All the papers will go throug a single blind review process and will be reviewed by at least two reviewers. A thorough check will be done and the guest editors will check any significant similarity between the manuscript under consideration and any published paper or submitted manuscripts of which they are aware. In such case, the article will be directly rejected without proceeding further. Guest editors will make all reasonable effort to receive the reviewer’s comments and recommendation on time.
The submitted papers must provide original research that has not been published nor currently under review by other venues. Previously published conference papers should be clearly identified by the authors at the submission stage and an explanation should be provided about how such papers have been extended.  At least 30% of new content is expected.

Submission Guideline

Details on the submission format can be found on the web page of the Journal on Computer-Supported Cooperative Work: https://www.springer.com/journal/10606  


Juhlin, Oskar; and Alexandra Weilenmann (2001). Decentralizing the control room: Mobile work and institutional order. In ECSCW 2001. Proceedings of the Seventh European Conference on Computer Supported Cooperative Work. Dordrecht: Kluwer, pp. 379-397.

Letondal, Catherine; Christophe Hurter; Rémi Lesbordes; Jean-Luc Vinot;; and Stéphane Conversy (2013). Flights in my hands: Coherence concerns in designing Strip'TIC, a tangible space for air traffic controllers. In CHI 2013. Proceedings of the SIGCHI Conference on Human Factors in Computing Systems. ACM, pp. 2175-2184.

Luff, Paul; and Christian Heath (2019). Visible Objects of Concern: Issues and challenges for workplace ethnographies in complex environments. Organization, Special Issue on ‘Development of Ethnographic Organization Studies: Towards New Objects of Concern’, vol. 26, no. 4, pp. 578-597.

Luff, Paul; Christian Heath; Menisha Patel; Dirk vom Lehn; and Andrew Highfield (2018) Creating interdependencies: Managing incidents in large organisational environments. Human Computer Interaction Journal, vol. 33 nos. 5-6, pp. 544-584.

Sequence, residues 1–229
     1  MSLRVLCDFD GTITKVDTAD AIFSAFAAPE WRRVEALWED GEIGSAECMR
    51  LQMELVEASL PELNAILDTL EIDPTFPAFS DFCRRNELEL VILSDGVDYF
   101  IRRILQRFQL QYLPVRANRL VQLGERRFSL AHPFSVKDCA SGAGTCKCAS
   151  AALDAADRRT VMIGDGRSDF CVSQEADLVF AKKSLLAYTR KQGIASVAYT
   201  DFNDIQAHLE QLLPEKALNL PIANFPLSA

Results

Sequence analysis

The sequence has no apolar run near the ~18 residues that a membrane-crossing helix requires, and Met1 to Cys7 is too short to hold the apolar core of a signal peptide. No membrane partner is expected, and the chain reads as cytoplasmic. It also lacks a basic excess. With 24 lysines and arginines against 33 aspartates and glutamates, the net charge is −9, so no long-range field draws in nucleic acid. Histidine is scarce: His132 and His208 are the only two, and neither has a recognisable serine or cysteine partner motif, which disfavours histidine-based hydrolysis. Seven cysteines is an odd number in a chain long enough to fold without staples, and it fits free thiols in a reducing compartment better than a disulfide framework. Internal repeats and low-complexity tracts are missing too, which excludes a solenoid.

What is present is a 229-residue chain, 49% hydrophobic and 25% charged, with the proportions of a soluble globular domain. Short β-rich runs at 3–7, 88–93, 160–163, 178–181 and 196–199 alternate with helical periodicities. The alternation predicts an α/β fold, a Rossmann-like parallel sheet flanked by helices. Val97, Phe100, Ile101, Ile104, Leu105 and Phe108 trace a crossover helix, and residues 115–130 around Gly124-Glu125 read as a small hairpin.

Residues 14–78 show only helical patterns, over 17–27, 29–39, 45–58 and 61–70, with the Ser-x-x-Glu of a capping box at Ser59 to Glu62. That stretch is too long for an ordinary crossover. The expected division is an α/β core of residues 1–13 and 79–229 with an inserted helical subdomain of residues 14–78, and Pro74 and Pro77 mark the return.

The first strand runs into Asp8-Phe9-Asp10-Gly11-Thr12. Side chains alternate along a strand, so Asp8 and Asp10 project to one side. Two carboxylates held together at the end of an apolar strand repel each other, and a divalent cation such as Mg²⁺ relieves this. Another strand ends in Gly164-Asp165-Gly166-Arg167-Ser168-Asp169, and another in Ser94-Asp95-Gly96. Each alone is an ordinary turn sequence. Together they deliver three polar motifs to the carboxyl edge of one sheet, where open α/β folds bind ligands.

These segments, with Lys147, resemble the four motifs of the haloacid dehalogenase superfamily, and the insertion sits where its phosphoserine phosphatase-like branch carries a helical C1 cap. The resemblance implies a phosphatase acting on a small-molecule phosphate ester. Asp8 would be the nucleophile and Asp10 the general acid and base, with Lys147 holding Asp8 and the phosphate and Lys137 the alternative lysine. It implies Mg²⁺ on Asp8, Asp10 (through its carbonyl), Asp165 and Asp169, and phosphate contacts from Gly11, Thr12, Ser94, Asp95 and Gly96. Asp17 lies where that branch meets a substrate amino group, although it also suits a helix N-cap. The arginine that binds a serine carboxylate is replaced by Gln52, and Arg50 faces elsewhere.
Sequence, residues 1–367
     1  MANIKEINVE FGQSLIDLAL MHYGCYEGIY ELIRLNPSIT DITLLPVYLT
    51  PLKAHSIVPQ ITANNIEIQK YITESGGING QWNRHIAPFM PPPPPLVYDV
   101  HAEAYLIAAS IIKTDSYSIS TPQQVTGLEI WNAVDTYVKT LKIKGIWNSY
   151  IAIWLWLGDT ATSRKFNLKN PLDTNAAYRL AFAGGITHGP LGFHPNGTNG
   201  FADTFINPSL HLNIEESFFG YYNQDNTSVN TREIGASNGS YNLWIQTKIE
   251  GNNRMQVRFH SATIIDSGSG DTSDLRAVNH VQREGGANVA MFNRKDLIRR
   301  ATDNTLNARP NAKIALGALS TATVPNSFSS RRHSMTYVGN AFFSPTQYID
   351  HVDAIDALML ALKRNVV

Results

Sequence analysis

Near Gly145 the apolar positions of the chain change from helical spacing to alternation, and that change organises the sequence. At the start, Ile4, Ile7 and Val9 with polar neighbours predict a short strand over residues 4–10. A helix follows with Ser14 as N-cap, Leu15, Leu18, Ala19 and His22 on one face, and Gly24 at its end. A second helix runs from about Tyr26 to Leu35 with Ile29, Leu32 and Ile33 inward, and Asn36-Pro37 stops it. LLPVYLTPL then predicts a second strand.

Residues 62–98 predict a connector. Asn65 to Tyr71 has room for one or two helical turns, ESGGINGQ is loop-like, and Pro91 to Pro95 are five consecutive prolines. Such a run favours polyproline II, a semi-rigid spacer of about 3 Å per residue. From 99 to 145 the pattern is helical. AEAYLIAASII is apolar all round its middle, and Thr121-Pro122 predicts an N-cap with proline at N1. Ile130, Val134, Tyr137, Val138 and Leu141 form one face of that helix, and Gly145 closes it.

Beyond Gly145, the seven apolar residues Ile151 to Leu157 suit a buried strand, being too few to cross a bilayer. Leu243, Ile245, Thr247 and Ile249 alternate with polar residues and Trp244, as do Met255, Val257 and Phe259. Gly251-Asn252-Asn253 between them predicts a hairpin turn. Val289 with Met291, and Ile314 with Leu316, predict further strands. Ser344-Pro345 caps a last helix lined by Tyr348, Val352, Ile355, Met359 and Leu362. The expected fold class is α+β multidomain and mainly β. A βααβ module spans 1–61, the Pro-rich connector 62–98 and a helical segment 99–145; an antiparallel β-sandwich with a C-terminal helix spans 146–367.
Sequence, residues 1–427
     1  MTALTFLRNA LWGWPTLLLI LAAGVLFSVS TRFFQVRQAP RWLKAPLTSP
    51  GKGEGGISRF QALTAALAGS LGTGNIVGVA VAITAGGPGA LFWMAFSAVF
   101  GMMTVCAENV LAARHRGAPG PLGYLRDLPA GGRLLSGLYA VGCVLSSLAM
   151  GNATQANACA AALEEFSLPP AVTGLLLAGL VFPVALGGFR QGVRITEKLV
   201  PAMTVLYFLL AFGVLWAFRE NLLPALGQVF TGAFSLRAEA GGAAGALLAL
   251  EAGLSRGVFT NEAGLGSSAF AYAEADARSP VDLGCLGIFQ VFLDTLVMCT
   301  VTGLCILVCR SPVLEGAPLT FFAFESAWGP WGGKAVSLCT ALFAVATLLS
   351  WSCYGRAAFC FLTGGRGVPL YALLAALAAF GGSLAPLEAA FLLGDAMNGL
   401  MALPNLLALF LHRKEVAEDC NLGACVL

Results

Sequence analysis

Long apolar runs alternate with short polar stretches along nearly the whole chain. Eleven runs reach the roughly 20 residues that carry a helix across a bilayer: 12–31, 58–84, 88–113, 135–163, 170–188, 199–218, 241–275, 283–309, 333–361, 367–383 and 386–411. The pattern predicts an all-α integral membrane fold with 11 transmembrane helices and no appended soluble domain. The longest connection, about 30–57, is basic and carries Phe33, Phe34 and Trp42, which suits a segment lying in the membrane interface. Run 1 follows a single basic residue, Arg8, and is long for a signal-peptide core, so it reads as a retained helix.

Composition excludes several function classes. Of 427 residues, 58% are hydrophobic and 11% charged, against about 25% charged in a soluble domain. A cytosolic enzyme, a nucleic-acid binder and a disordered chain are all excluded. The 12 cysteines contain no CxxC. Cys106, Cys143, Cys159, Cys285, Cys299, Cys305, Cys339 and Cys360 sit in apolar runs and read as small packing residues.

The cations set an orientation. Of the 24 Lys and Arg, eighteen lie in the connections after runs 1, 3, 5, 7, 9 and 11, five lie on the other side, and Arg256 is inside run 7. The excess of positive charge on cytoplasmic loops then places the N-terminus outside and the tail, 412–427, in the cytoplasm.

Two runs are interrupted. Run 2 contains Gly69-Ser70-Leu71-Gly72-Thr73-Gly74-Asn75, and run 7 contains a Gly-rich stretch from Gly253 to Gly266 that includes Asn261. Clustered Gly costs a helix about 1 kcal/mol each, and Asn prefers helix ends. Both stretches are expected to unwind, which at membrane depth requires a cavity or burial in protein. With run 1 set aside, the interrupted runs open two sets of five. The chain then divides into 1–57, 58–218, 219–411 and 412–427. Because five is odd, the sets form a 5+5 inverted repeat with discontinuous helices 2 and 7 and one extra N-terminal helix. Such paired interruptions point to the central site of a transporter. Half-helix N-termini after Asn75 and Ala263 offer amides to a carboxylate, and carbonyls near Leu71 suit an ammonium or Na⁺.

Martin, David; John Bowers; and David Wastell (1997). The interactional affordances of technology: An ethnography of human-computer interaction in an ambulance control centre. In People and Computers XII. London: Springer, pp. 263-281.

Monteiro, Eric; Neil Pollock; Ole Hanseth; and Robin Williams (2013). From Artefacts to Infrastructures. Computer Supported Cooperative Work, vol. 22, no. 4, pp. 575–607.

Normark, Maria; and Dave Randall. (2005). Local expertise at an emergency call centre. In ECSCW 2005. Proceedings of the Ninth European Conference on Computer-Supported Cooperative Work. Dordrecht: Springer, pp. 347-366.

Panagiotou, Nikolaos; Ioannis Katakis; Dimitrios Gunopulos; Vana Kalogeraki; Elisabeth Daly; Jia Yuan Yu; and Brendan O’Brien (2016). Mining hidden constrained streams in practice: Informed search in dynamic filter spaces. In ASONAM2015. Proceedings of the International Conference on Advances in Social Networks Analysis and Mining. IEEE, pp. 571-578.

Purohit, Hemant; Andrew Hampton; Sheyansh Bhatt; Valerie L. Shalin; Amit. P. Sheth; and John M. Flach. (2014). Identifying seekers and suppliers in social media communities to support crisis coordination. Computer Supported Cooperative Work (CSCW), vol. 23, nos. 4-6, pp. 513-545.

Suchman, Lucy (1993). Technologies of Accountability: On Lizards and Aeroplanes. In G. Button (Ed.), Technology in Working Order. London: Routledge, pp. 113–126.

Suchman, Lucy (1996). Constituting Shared Workspaces. In Y. Engeström and D. Middleton (Eds.), Cognition and Communication at Work. Cambridge: Cambridge University Press, pp. 35–60.

Suchman, Lucy (1997) Centers of coordination: A case and some themes. In L. Resnick; R. Säljö; C. Pontecorvo; and B. Burge (Eds), Discourse, Tools, and Reasoning: Essays on Situated Cognition. Berlin: Springer-Verlag, pp. 41-62.

Whalen, Jack (1995). A Technology of Order Production: Computer-Aided Dispatch in Public Safety Communications. In P. ten Have; and G. Psathas (Eds.), Situated Order: Studies in the Social Organisation of Talk and Embodied Activities. Washington: University Press of America, pp. 187-230.